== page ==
Steve Schmidt, the onetime John McCain campaign strategist who has turned into a fierce critic of the Republican Party and hero to a certain kind of resistance liberal, published a blog post on Sunday night accusing McCain of concealing the truth about an affair he was having — and asserting that he was too afraid of Sarah Palin to halt the GOP’s slide into lunacy. The post comes on the heels of attacks Schmidt leveled at Meghan McCain over the weekend, in which he accused the late senator’s daughter of being a “bully, entitled, unaccomplished, spoiled and mean,” among many other things.
In Sunday’s post, Schmidt writes that a New York Times story published in 2008, which implied that McCain had an affair with a female lobbyist, was true. At the time, McCain was running for president against Barack Obama. The senator had been married to Cindy McCain since 1980, and they would remain together through his death in 2018.
The 2008 McCain campaign vigorously pushed back against the story. And the lobbyist in question, Vicki Iseman, later sued the Times, which attached a “note to readers” stating that it “did not intend to conclude” that McCain and Iseman had an affair.
Schmidt claims that the Arizona senator, whom he has long venerated, lied to him and to the American public about the affair, and that the relationship’s existence was the reason McCain looked the other way while his campaign manager, Rick Davis, worked to advance Russian interests with lobbying partner Paul Manafort.
(Note to young readers: In the pre-2016 Republican Party, these sorts of transgressions were still generally frowned upon.)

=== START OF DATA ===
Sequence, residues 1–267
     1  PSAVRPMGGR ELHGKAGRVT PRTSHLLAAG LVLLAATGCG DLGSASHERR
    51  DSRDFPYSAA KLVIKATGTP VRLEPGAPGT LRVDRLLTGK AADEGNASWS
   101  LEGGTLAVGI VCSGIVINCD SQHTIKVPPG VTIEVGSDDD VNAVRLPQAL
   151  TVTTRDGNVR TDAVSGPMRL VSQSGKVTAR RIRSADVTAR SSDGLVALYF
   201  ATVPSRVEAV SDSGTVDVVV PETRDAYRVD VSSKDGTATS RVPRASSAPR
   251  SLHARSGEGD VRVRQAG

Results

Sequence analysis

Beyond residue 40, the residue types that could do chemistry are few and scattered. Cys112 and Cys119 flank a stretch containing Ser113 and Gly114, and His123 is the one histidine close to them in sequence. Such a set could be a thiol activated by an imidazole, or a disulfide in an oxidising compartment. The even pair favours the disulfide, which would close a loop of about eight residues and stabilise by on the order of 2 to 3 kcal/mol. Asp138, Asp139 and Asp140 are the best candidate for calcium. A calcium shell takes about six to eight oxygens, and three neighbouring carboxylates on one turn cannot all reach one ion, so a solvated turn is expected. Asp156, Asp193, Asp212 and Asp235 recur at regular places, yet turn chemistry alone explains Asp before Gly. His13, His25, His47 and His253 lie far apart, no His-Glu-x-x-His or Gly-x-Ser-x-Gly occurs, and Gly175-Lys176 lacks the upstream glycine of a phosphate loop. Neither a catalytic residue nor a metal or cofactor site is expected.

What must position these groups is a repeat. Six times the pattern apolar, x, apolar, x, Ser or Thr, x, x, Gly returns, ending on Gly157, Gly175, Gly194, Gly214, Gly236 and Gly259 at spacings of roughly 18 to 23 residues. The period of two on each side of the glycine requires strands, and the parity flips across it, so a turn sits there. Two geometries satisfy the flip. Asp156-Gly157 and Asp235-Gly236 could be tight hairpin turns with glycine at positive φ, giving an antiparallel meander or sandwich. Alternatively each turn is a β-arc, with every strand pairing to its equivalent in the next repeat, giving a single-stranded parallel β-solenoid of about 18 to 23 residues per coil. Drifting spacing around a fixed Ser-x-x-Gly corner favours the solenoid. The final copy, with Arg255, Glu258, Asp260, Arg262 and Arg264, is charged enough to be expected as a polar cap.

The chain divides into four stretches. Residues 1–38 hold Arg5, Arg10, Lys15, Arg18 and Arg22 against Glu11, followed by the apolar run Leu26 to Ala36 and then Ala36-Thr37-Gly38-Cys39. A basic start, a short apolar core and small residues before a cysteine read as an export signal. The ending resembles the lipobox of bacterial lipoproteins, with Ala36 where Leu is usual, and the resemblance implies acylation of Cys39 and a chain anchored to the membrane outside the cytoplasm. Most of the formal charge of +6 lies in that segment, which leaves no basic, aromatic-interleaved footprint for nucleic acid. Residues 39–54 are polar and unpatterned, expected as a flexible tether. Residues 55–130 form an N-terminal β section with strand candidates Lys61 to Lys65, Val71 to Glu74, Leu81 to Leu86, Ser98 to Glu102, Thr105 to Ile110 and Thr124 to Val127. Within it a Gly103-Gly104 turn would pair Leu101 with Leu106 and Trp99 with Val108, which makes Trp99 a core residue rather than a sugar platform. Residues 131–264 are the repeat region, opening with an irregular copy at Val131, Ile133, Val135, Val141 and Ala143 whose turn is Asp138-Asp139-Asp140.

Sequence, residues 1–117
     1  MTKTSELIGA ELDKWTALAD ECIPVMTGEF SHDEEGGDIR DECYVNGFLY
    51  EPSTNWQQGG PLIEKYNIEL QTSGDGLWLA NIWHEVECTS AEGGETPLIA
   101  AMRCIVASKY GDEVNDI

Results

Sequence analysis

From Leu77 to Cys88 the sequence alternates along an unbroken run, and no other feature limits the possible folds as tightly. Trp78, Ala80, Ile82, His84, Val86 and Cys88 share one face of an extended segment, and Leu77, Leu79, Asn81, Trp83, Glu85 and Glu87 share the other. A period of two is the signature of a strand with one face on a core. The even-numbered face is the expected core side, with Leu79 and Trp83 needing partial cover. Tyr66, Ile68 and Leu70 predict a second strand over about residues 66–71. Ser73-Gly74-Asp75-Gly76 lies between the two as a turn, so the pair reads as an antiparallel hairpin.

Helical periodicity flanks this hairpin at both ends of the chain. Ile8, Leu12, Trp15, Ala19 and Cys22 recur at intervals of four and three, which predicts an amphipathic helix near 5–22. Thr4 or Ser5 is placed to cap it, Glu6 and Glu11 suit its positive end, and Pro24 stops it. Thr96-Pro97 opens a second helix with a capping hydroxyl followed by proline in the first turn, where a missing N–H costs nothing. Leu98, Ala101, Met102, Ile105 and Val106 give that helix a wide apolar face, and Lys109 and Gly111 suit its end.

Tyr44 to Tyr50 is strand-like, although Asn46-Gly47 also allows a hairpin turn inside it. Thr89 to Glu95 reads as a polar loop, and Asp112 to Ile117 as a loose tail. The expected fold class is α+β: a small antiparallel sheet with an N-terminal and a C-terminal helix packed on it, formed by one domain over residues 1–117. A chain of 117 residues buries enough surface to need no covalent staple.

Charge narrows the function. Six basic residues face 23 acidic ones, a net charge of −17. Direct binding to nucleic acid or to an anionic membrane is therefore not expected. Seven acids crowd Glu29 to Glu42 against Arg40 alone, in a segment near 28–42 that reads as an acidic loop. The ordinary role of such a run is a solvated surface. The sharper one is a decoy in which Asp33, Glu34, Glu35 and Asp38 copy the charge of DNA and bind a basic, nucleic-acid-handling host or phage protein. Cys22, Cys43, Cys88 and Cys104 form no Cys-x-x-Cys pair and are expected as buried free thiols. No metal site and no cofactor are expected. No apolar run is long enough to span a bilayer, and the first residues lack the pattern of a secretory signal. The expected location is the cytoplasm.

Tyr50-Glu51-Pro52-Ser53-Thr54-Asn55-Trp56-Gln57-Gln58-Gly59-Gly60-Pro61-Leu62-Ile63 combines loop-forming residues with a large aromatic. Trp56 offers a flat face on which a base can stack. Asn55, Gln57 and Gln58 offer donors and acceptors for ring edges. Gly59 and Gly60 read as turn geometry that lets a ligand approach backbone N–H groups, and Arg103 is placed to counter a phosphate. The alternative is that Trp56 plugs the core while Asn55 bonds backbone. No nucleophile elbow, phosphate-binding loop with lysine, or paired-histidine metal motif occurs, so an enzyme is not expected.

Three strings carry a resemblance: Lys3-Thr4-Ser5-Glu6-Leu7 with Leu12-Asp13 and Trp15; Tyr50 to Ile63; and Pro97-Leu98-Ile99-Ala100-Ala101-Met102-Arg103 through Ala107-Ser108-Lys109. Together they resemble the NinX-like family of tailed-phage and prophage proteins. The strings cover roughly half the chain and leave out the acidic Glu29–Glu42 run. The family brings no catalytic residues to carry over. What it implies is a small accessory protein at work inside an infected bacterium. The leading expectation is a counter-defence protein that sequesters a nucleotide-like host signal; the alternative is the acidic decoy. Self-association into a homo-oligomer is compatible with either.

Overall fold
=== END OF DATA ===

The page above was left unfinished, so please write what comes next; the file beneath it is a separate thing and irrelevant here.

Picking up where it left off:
“The burden of carrying this lie — while being attacked for 14 consecutive years by the bully Meghan McCain — has finally reached its end for me,” Schmidt writes.
Schmidt, who joined McCain’s ’08 campaign on a volunteer basis as it was foundering, also writes that McCain became so afraid of upsetting the Republican base that he was hesitant to criticize Sarah Palin — whom Schmidt suggested as a running mate before realizing she was wildly unqualified. “The bravest man that I had ever met turned out to be terrified of the creature that he had created,” Schmidt writes.
(His post is marked by the melodramatic and grandiose style familiar to perusers of his Twitter feed over the years, thick with weighty pronouncements about truth and honor. Another sample passage: “You see, when I was 36 years old, I did not understand the difference between integrity and loyalty. Before I met John McCain, I would have answered that they were indistinguishable from one another. John McCain taught me a hard lesson about the differences between the two.”)
Schmidt has inveighed against Donald Trump in high-profile fashion for years, and was so disturbed by the Republican Party’s descent into a personality cult that he renounced the GOP altogether in 2018. But though he and McCain were estranged for many years, he has consistently expressed admiration for his former boss.
This post has been updated.
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